At Navarino Hills, skis, snowboards, and inner tubes zoom down trails blanketed in freshly made snow. Double chairlifts and cable tows ferry visitors to the top of the slopes so they can start their run or help search for the yeti's lost contacts. After hitting the mountain, head inside the chalet to warm up with hot cocoa, coffee, or cappuccino daily or fish fries every Friday.
Originally a family farm before two families of ski enthusiasts purchased the land in 1961, Sunburst Ski Area now encompasses 13 sundry ski runs as well as terrain parks and steep tubing lanes for winter athletes of all skill levels. Skiers and boarders plummet down nine runs that range from rolling bunny hills to harrowing double-black-diamond steeps. Flashy alpinists can trick out at the terrain parks, which boast a series of rails, ramps, and tables for mid-grind picnic lunches. Additionally, patrons can carve through the fresh powder after dark, as a full spotlight system keeps the slopes open until 9 p.m. from Monday–Thursday and 10 p.m. on Fridays, Saturdays, and Sundays. On the tubing hill, riders seated in inflatable tubes zoom, bob, and spin down 12 chutes measuring 900 feet long and spanning a 10-story descent. The tubes can reach speeds of more than 40 miles per hour, which is just fast enough to outpace the hungry snowmen that think each one is a gigantic donut.
If you really want to go all the way back, Granite Peak's story began some two billion years ago, when intense heat and volcanic activity built a mountain toward the heavens. But you don't have to dig quite that deep to understand how the mountain became what it is today. A little more than seven decades ago, a group of Wausau residents came together with ambition and a fair amount of elbow grease. Together, they cleared out six runs by hand and build a stone chalet from the quarry nearby. A ski resort was born, which is now the tallest and largest ski area in Wisconsin and just four hours from the Chicagoland area.
Like the nation's love of quality television drama, Granite Peak has continued to grow over the decades. The steep and rolling terrain beneath its 700-foot summit, the tallest vertical drop in the Wisconsin or Upper peninsula, now encompasses a total of 75 runs, including beginner runs and mile-long cruising runs. High-speed chair lifts ferry skiers and snowboarders to the tops of these routes, and four terrain parks provide jumps, rails, and other features. The mountain is also lighted to allow for skiing and snowboarding after the sun sets behind the peak. Whatever the agenda of a snowy day, Granite Peak's ski patrol stays on-hand to keep things safe.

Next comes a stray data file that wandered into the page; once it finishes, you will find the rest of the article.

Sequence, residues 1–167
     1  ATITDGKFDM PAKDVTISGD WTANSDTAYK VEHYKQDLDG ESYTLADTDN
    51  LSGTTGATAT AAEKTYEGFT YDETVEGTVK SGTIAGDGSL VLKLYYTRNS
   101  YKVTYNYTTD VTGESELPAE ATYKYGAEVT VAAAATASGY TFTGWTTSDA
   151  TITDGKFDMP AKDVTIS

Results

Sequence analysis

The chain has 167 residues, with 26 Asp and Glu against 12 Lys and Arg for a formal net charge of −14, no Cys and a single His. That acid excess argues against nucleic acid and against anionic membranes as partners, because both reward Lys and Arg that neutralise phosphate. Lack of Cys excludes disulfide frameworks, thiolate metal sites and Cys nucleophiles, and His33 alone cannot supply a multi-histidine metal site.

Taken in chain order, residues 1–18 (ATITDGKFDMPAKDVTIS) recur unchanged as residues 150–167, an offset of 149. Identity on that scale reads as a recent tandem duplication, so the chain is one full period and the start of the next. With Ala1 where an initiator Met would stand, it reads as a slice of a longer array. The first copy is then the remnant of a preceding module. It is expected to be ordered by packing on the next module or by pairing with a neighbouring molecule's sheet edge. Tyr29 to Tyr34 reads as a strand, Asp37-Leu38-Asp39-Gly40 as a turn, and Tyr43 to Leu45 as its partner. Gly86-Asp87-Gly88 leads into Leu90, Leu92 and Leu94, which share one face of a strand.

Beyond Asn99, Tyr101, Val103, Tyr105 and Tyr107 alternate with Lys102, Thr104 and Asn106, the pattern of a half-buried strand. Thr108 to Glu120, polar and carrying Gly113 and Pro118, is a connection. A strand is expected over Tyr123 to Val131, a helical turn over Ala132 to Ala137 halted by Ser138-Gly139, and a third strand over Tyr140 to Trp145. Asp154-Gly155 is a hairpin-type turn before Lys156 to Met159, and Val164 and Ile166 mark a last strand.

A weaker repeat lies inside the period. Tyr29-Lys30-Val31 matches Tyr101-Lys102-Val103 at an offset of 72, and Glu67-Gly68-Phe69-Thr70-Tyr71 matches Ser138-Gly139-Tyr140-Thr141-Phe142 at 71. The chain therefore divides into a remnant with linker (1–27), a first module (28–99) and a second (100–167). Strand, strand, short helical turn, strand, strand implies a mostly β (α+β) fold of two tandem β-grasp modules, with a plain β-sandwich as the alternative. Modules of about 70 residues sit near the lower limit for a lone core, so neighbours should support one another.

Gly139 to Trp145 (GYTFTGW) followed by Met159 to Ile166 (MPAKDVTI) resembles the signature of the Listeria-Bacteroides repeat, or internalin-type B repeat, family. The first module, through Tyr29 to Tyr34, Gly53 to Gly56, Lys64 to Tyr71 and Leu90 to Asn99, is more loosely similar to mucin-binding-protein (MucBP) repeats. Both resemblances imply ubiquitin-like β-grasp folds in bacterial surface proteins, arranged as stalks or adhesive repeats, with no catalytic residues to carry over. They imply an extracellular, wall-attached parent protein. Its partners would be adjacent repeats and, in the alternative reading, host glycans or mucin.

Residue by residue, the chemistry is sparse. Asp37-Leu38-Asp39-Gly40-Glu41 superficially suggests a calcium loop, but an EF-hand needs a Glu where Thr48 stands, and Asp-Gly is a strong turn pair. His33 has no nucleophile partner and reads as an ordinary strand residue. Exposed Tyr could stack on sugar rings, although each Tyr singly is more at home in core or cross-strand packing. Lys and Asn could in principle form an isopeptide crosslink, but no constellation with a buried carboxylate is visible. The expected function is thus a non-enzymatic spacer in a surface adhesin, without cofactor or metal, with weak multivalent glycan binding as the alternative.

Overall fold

Five trails descend down the slopes at Highlands of Olympia, ranging from the beginner-friendly bunny hill to the East Bowl, a black diamond that challenges advanced skiers to face the biting winds as they carve through the incline. The mountain also features a terrain park where snowboarders grind over rails and boxes, and tow ropes pull inner tubes up the hill before they are released for a speedy 1,000-foot-long descent that covers a 60-foot vertical drop. A half-hour’s drive from downtown Milwaukee, Highlands packs a day’s worth of entertainment into the neatly packed snow, from the onsite bar and restaurant to lessons in which instructors impart the secrets of picking up ham-radio signals with outstretched ski poles.
No ski lessons. No beginners allowed. All ungroomed terrain. Averaging 273 inches per year, Mount Bohemia is a snow-covered haven for seasoned skiers, eschewing bunny slopes for 500-plus acres with two chair lifts filled with 90 runs?most of which are rated for experts. The mountain's 900-foot vertical drop, noted for being the tallest in the midwest, has won it many fans, including MSN Travel, which named it on its list of 10 Undiscovered Ski Spots in 2006. They were also rated number one for best powder skiing east of the rockies by Powder Magazine.